Duane Jarvis

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Duane Jarvis (August 22, 1957 – April 1, 2009)[1] was an American guitarist and singer-songwriter who recorded songs with many rock and roll and country music performers, including Frank Black, Peter Case, Rosie Flores, John Prine, Amy Rigby, Lucinda Williams, Dwight Yoakam, Gene Clark & Carla Olson.[2]

In addition to his collaborations, which included co-writing "Still I Long For Your Kiss", a song on Williams's Grammy-winning album Car Wheels on a Gravel Road, he also released a number of solo albums.

He described his style as "country rock by way of the British Invasion" in a 1994 interview with The Oregonian, citing The Who, The Kinks, and The Rolling Stones as influences who themselves had borrowed much from roots music.[1]

Personal life[edit]

Jarvis was born in Astoria, Oregon. Jarvis grew up in California, Oregon and Washington, with a mother who was a nurse and a father in the United States Coast Guard who would often play country music records. While living in Florida as a pre-teen, he received a guitar pick from B. B. King at the end of a concert he attended, which Jarvis kept for the rest of his life. He was part of a blues band and a power pop group[3][4] while in his teens.[2]

Jarvis died of colon cancer at age 51 on April 1, 2009, at his home in Marina del Rey, California.[2][5]


Studio albums[edit]

  • D.J.'s Front Porch (Twin/Tone- Medium Cool), February 22, 1994
  • Far From Perfect (Watermelon), February 24, 1998
  • Combo Platter (Glitterhouse), 1999 – Compilation of non-album studio tracks
  • Certified Miracle (Slewfoot), July 31, 2001
  • Delicious (Slewfoot), December 23, 2003


  • "Cocktail Napkin" on Nashville: The Other Side Of The Alley... Vol. 3 (Bloodshot, 1996)
  • "Broken A/C Blues" on Down To The Promised Land: 5 Years Of Bloodshot Records (2000)
  • "Squeaky Wheel" on Freight Train Boogie: A Collection of Americana Music (The Orchard, 2001)
  • "There Is a Light" on The Rookie original soundtrack (Hollywood, 2002)
  • "New Madrid" (with Dave Coleman) on For Anyone Thats Listening: A Tribute to Uncle Tupelo (Flat Earth Records. 2003)
  • "Cupid Must Be Angry" on Lowe Profile: A Tribute to Nick Lowe (Brewery Records, 2005)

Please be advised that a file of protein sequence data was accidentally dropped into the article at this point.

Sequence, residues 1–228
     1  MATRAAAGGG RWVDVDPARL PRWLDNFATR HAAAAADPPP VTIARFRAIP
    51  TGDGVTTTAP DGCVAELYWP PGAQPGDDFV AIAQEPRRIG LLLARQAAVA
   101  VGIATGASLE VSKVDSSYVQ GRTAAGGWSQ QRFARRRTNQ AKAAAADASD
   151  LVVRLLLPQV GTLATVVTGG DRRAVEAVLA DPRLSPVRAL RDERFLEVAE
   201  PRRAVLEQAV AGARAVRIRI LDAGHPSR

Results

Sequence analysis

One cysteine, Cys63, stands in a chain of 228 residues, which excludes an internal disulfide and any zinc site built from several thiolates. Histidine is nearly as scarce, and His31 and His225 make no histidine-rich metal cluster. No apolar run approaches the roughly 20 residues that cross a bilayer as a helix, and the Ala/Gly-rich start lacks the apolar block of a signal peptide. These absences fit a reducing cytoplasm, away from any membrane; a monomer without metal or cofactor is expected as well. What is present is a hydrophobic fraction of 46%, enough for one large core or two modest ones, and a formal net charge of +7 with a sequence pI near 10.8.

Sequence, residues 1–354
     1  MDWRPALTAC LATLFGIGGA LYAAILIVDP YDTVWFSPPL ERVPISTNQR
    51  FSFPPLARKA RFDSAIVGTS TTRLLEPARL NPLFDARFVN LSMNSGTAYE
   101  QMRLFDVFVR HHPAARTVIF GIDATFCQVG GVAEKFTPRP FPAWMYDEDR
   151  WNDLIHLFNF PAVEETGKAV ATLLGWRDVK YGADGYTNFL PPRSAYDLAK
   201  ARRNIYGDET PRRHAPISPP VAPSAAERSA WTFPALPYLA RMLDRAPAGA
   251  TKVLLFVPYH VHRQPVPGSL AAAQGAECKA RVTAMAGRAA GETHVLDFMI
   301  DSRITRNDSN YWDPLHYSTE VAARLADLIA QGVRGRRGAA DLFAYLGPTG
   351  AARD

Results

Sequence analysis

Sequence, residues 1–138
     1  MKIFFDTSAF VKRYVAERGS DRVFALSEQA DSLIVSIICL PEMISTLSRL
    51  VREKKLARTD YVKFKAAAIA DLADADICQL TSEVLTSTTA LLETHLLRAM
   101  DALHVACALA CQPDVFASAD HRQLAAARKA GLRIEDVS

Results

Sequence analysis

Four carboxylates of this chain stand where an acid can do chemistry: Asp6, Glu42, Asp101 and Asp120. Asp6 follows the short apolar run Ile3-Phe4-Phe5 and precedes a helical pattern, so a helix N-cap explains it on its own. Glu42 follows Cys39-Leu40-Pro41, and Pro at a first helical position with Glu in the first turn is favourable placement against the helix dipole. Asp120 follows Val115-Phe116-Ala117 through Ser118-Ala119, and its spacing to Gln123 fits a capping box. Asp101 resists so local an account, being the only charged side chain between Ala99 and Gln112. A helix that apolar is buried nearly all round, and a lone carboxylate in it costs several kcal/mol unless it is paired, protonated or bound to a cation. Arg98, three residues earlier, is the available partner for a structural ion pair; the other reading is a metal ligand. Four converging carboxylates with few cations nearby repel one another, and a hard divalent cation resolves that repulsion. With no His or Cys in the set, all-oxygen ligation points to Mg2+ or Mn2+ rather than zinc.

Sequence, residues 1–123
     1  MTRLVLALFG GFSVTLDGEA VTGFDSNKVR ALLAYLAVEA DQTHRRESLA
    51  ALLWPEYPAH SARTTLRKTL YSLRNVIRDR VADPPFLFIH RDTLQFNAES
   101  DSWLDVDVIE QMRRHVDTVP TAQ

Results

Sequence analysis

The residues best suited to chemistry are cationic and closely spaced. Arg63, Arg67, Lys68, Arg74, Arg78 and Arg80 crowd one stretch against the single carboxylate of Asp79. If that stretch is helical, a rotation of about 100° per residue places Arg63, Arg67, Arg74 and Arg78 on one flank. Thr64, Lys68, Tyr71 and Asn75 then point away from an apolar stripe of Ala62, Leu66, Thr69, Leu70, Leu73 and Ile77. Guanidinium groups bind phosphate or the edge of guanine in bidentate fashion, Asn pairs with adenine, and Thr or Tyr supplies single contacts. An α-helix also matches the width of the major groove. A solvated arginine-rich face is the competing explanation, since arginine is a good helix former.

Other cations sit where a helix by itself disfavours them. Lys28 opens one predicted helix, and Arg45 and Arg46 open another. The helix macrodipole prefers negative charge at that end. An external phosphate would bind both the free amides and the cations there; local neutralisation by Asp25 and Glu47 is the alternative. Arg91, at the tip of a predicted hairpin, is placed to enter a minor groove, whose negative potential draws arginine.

Other credits[edit]

  • "Still I Long for Your Kiss" (cowr.) on Lucinda Williams, Car Wheels on a Gravel Road (1998)
  • "A Girl That's Hip" (cowr.) performed by Tim Carroll, on Drop Dead Gorgeous original soundtrack (1999); and (as "Girl That's Hip") on Tim Carroll, Not for Sale (self-released 2000, re-released 2009)
  • Guitar on Lucinda Williams, Sweet Old World (1992)
  • Guitar on Greg Trooper, Everywhere (1992) (album)
  • Guitar on Greg Trooper, Popular Demons (1998) (album)
  • "Sold on You" (cowr., guitarist on album) on Rosie Flores, After the Farm (1992)
  • Guitar and mandolin on Gene Clark/Carla Olson, Silhouetted in Light (1992) – reissued as In Concert
  • Bass on John Prine, A John Prine Christmas (1994)
  • Guitar, coproduction on David Childers, Hard Time County (1999) and A Good Way to Die (2001)
  • Producer, guitar and mandolin on Danny Baseheart EP Hell Raisin’ Star Gazin'/Good Ole' Fashioned Evil (2002)
  • Lead guitar on Amy Rigby, 'Til the Wheels Fall Off, on title track performed by Amy Rigby with Todd Snider (2003)
  • Guitar on Ellis Hooks, The Hand of God (2003)
  • Guitar on David Andrews, Everything to Lose (2004)
  • Guitar on Frank Black, Fast Man Raider Man (2006)
  • Guitar on Peter Case, Let Us Now Praise Sleepy John (2007)
  • Guitars and background vocals on Matt Keating, Quixotic (2008)
  • Dobro on Greg Koons and the Misbegotten, Nowhere Motel (June 23, 2009)
  • Guitar on Black Francis, The Golem (2010, recorded 2008)


  1. ^ a b Lewis, Randy (April 1, 2009). "Duane Jarvis dies at 51; L.A. roots music singer-songwriter and guitarist". Los Angeles Times. Retrieved April 2, 2009.
  2. ^ a b c Cooper, Peter (April 1, 2009). "Duane Jarvis, famed guitarist and singer-songwriter, dies of colon cancer". The Tennessean. Retrieved April 1, 2009.[dead link]
  3. ^ Bogdanski, Jack. "Rockin' with Duane". Jack Bog's Blog. Retrieved February 1, 2013.
  4. ^ Bogdanski, Jack. "More Rockin' with Duane". Jack Bog's Blog. Retrieved February 1, 2013.
  5. ^ "Duane Jarvis dies at 51". LA Times. April 2, 2009. Retrieved December 13, 2014.

External links[edit]